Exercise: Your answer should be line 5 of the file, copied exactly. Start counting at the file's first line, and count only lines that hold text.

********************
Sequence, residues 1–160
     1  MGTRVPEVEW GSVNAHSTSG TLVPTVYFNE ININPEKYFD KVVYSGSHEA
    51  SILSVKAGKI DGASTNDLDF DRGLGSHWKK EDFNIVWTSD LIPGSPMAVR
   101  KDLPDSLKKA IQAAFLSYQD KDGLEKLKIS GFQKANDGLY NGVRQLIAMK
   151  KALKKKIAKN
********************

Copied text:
   151  KALKKKIAKN